Teachable Moments

A journal comic by Chris Pearce

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Did a used bookstore run this weekend and picked up a trade of Son of Superman, published by DC Comics under their Elseworlds banner. The book was written by Howard Chaykin and David Tischman with art done by JH Williams III and Mick Gray. It was originally published in 2000, during my undergraduate years. Spending $20 dollars on an original TPB was definitely NOT in the cards for me economically in 2000… so finding it on the bookshelves Saturday night for $6 bucks? I couldn’t resist.
I enjoyed Son of Superman and its’ understated dystopian setting. Superman’s been gone for fifteen years, leaving Lois Lane to raise their seemingly mild-mannered son as she works in Hollywood as a screenwriter. A solar flare activates Jon Kent’s latent Kryptonian abilities, leading to his taking up of the Superman mantle and the discovery of a worldwide conspiracy affecting the Justice League, the US government, and beyond.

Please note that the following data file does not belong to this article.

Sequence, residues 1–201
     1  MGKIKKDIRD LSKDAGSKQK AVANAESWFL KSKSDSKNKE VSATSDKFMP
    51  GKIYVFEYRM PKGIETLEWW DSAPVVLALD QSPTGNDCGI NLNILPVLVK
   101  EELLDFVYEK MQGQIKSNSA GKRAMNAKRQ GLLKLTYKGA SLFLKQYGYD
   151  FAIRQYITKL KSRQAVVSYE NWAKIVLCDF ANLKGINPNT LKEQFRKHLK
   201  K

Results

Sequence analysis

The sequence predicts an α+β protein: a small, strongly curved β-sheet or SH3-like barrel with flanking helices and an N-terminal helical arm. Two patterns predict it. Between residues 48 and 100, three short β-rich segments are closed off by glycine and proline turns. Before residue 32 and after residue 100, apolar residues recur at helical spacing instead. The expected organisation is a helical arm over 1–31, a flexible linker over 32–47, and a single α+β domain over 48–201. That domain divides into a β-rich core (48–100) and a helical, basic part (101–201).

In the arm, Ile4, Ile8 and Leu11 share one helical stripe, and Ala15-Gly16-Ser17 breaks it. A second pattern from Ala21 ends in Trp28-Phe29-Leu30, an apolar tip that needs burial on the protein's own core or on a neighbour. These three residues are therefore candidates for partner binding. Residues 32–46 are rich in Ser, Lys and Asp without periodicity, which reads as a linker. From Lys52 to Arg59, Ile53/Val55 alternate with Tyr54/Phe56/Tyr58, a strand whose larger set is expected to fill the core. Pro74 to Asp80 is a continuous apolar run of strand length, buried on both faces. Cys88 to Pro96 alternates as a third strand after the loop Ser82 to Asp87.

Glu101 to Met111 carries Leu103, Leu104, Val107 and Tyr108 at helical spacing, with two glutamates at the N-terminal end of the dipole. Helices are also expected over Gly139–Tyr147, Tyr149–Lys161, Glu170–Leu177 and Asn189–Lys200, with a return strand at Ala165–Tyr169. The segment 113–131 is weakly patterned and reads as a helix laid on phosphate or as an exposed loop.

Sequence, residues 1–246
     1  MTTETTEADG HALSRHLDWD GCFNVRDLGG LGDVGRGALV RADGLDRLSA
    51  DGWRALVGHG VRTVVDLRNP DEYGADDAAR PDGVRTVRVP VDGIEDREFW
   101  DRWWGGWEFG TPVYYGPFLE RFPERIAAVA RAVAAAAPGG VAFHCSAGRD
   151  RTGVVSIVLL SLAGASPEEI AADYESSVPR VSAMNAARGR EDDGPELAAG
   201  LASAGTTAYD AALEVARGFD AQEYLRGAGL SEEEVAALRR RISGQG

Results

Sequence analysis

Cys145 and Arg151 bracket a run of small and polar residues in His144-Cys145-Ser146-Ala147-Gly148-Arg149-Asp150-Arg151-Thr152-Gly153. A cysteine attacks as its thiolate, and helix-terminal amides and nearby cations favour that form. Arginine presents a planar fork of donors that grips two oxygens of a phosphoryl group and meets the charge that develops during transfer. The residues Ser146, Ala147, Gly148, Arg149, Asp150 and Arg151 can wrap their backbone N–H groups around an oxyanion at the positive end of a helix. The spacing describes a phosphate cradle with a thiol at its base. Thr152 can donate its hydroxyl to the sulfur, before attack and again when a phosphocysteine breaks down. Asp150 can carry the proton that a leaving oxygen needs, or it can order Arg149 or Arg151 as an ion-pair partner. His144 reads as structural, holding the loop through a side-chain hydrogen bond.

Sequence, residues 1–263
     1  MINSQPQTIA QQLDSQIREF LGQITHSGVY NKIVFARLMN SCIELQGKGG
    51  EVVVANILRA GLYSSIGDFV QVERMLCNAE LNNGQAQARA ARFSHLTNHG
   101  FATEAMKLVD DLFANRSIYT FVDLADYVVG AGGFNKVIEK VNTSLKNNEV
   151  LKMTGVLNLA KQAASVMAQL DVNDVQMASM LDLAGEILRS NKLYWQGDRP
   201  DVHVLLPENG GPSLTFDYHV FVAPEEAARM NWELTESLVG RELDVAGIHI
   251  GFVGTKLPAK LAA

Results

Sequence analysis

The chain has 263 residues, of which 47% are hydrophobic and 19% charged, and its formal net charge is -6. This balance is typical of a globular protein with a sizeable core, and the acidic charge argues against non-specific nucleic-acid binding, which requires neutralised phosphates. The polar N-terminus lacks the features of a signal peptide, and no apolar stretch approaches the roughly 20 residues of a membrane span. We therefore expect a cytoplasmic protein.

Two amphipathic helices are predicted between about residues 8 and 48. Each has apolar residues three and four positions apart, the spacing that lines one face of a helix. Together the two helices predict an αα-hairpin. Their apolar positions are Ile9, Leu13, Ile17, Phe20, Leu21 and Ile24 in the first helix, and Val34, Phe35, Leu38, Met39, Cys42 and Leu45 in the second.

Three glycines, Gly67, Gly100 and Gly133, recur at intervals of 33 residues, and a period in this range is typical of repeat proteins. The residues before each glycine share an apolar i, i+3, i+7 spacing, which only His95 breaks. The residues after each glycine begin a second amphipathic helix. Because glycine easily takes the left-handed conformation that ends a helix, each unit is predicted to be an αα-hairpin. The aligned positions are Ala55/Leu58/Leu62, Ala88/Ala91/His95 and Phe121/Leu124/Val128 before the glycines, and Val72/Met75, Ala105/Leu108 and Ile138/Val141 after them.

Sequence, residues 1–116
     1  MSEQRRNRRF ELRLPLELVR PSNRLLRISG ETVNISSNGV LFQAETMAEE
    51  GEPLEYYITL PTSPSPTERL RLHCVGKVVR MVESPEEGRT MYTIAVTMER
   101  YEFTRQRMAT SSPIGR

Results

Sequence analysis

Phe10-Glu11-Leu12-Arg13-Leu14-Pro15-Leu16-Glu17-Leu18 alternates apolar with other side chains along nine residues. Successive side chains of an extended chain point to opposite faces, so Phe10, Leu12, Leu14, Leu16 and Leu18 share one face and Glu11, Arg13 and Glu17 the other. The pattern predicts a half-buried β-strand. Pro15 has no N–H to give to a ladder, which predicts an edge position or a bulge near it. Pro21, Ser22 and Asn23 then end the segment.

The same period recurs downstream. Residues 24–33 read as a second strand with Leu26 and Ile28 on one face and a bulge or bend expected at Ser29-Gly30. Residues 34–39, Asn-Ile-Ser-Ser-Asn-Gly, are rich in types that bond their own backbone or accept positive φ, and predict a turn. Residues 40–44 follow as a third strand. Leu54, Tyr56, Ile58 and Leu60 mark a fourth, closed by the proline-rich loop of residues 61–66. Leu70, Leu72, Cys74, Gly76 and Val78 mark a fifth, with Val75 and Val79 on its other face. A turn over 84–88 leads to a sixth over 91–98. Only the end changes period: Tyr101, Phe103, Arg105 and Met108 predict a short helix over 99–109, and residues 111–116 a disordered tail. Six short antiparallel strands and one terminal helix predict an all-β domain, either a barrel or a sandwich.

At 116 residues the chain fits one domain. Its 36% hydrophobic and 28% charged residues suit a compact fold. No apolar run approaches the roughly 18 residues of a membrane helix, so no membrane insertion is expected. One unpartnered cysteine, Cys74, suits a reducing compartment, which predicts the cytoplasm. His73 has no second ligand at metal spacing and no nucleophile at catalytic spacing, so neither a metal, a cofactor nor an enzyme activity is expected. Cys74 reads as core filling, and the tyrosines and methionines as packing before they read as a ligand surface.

One of the admirable things about Son of Superman is that the story really moves; a lot of comic stories in 2013 feel like they’re being stretched out to accommodate future collections. Not so here. Son of Superman covers a LOT of ground in its’ 94 pages. The script touches on a lot of the paranoia which was de riguor in the late 1990’s fiction (paranoia about the government and cover-ups, co-opting of the government by big business) but it keeps that stuff firmly in the background as color to the main story of Jon Kent… and I think that’s to the book’s credit. Some of the contrivances the writers use to move the plot forward are a little tired out (the news reporter/talking heads thing had been done to DEATH by 2000) but in general the story works.